- AL Reading Service
Researchers at the University of Alabama at Birmingham have created the first culturally based protocol for patients facing end-of-life care. Ronit Elk is a professor in the Division of Gerontology, Geriatrics and Palliative Care at UAB. She has spent her life living in different countries. Once she moved to the U.S., Elk said she noticed the lack of respect for cultural differences for the nation’s sickest minority patients, particularly African Americans.
What was the most notable cultural difference?
For Black patients and their families going through end-of-life care, the concept of hope and miracles is key. Physicians are primarily trained as scientists to read the physical symptoms that are occurring. Black patients and families who believe that there is always hope and it’s in God’s hands, they understand yes, you’re the physician, but you are not the decider. It is God that decides whether my loved one is going to live or die. And it’s caused a lot of clashes with physicians and family members where physicians are often saying to patients’ families, you’re not really accepting that the person is going to die. There’s no way they can live. And the family is saying it’s in God’s hands and a miracle can happen. And somehow that’s a very difficult thing for many physicians to accept.
What are the consequences of treating everyone the same way in palliative care?
Here’s the interesting thing, palliative care physicians and clinicians are probably the most compassionate human beings on this planet. They are taught that you go in and you do exactly what the patient wants. However, what isn’t taught in America is that different people’s culture impacts that. Whenever somebody has a loved one who is very ill, whenever somebody is dying, it is always viewed through their own cultural lens. And that part has never been taught. And so there’s a simple lack of understanding.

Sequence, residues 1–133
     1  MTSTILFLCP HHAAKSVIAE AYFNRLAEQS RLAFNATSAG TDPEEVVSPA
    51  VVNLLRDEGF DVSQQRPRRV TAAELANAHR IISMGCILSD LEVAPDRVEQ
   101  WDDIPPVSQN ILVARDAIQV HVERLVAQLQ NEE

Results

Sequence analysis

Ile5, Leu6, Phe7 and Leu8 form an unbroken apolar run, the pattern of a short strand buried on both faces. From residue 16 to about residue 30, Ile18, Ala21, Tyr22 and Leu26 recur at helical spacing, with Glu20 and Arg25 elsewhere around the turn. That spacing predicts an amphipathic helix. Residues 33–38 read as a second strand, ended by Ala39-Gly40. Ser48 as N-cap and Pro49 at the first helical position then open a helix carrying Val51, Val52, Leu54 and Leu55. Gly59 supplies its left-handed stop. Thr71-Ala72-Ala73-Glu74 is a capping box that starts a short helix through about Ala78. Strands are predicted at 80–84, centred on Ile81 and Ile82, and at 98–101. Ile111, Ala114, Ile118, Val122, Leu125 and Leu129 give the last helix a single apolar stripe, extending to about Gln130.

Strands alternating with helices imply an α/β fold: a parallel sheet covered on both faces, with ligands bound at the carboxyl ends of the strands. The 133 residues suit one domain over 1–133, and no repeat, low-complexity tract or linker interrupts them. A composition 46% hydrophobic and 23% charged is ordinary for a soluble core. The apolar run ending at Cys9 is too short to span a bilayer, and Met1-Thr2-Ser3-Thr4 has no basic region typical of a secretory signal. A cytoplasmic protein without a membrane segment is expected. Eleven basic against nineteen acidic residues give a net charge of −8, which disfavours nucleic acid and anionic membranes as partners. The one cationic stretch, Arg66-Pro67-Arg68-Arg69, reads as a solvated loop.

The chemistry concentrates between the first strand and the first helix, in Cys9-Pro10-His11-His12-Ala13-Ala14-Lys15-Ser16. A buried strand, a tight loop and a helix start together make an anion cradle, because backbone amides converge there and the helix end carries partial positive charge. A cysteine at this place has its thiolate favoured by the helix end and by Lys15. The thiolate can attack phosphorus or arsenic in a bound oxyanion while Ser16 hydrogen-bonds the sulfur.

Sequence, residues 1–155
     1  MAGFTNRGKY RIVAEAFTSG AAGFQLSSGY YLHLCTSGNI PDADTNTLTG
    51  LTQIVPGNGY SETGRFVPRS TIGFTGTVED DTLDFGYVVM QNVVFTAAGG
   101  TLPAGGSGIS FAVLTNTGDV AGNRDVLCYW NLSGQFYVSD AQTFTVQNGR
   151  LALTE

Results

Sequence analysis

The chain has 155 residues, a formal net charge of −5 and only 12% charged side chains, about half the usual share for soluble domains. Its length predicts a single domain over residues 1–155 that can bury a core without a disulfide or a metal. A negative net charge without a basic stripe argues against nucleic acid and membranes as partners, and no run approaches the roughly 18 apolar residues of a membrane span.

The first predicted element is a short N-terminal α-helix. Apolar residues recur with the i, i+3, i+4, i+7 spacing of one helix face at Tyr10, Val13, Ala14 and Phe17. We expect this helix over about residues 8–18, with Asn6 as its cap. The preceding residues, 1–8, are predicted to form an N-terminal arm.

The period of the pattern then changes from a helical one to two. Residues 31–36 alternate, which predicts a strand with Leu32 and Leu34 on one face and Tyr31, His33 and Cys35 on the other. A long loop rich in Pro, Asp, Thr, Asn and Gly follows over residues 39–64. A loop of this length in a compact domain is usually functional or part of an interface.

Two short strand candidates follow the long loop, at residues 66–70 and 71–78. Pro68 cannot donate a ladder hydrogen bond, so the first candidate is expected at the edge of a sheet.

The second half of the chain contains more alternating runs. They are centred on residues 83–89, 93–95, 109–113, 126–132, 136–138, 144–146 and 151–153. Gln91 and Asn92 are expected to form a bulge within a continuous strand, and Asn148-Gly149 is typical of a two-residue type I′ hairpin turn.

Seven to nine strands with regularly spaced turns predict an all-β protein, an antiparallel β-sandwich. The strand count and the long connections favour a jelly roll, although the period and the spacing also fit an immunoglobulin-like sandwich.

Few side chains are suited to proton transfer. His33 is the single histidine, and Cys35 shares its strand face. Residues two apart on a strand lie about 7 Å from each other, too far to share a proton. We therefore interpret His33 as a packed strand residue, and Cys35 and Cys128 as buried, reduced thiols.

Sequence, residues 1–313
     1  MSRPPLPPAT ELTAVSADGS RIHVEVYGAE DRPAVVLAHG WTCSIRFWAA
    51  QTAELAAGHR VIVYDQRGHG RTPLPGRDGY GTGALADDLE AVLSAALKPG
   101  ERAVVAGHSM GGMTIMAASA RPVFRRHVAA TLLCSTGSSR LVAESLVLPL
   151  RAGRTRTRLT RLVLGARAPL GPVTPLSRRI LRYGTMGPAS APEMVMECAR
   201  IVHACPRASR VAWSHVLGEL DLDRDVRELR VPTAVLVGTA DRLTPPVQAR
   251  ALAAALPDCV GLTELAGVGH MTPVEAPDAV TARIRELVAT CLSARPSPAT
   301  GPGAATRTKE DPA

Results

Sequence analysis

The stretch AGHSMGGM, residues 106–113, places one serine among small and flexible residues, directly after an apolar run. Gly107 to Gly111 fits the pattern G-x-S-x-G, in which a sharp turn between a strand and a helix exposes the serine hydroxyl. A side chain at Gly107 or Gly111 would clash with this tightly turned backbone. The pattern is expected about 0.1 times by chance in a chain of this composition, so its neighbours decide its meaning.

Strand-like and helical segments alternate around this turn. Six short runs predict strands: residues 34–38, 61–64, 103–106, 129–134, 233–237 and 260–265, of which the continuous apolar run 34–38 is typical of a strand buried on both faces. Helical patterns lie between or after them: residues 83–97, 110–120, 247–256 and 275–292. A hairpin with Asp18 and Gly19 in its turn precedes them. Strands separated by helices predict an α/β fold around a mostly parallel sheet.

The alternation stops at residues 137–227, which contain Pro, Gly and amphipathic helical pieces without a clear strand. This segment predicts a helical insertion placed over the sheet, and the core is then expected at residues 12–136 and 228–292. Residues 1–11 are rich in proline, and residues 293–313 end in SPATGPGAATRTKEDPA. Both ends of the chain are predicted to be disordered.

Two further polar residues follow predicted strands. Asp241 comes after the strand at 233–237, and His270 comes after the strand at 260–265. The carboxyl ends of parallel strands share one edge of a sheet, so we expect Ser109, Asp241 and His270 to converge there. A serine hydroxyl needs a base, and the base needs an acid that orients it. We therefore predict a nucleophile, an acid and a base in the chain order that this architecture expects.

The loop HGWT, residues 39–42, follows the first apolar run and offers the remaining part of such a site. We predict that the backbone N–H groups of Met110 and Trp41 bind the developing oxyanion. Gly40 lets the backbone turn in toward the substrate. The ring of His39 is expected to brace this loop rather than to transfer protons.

Why were minority patients over-looked in models of end-of-life-care?
The model that was developed was based on the white middle-class model. This model is very wonderful if you’re white, middle class and Christian. It is most inappropriate in many cases if you’re not white or you’re not middle class or if you’re not Christian. So why it’s so difficult to understand that different cultures may look at death, life, illness differently; I have no idea. I think maybe in America we’re not taught enough to understand different cultures. But we’re doing a lot of studies with people from other countries, three in Africa and some in other countries, because over there, people know “if a model is for white middle class people, that’s not going to work for my people. I want to see what’s really going to work for our community.”
How do you get hospitals on board with this new protocol?
So the first thing we have to do is to prove that it’s very effective. What we’ve shown is that it’s feasible and it can be done. So we are simultaneously developing trainings so that we can train the physicians who won’t push against it, but will rather embrace it and it will be accepted in hospitals.
This interview has been condensed and edited for clarity.